Helical rosette nanotubes: A biomimetic coating for orthopedics?
Helical rosette nanotubes (HRN) are obtained through an entropically driven self-assembly process of low-molecular-weight synthetic modules under physiological conditions. Counter-intuitively, these materials undergo extensive self-assembly under the effect of temperature, resulting in networks of very long nanotubes. We have previously shown, using an in vitro model, that titanium (Ti) coated with HRN containing a lysine side chain (HRN-K1) displayed enhanced osteoblast (OB) adhesion when compared to uncoated Ti (p<0.01). Because it has been widely known that proteins play a critical role in OB adhesion on nanophase materials, here we examine OB adhesion on heated (+T) and unheated (−T) HRN-K1-coated Ti under serum (+S, presence of proteins) and serum-free (–S, absence of proteins) conditions. The results demonstrated that (a) while proteins enhanced OB adhesion on +T HRN-K1-coated Ti, they had no effect on –T HRN-K1-coated Ti, suggesting an active role played by the rosette nanotubes in promoting OB adhesion, and (b) under –S conditions, +T HRN-K1 induced the same level of OB adhesion as uncoated Ti under +S conditions, suggesting that +T HRN-K1 acts as a protein substitute. Finally, transmission electron microscopy and atomic force microscopy studies of +T and –T HRN-K1-coated Ti revealed a significant change in surface coverage, density and hierarchical organization of the nanotubes upon heating, which was correlated with their ability to promote cell adhesion.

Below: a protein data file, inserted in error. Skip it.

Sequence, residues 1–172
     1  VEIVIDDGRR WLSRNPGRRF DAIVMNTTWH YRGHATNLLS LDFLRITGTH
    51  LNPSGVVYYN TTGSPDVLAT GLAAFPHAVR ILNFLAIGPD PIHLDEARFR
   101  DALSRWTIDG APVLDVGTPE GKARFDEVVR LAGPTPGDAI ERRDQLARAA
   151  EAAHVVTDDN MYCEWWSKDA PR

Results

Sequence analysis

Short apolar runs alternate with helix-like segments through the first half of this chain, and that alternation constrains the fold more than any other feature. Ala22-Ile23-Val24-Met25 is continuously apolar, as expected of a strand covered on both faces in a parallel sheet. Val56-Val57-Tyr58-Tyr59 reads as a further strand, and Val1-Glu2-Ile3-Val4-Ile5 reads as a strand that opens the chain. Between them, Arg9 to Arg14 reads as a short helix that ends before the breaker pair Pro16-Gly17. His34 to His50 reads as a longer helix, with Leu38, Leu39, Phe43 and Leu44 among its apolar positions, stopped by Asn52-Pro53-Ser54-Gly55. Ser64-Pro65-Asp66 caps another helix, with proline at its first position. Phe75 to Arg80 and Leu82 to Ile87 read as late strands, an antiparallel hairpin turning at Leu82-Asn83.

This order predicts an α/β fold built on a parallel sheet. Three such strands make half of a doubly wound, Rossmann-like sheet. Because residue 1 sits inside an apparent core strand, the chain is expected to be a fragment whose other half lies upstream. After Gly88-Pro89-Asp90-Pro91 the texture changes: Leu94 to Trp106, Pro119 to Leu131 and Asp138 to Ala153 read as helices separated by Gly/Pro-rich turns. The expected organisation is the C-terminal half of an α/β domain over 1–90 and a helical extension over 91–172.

Journal: Biomaterials - Volume 26, Issue 35, December 2005, Pages 7304–7309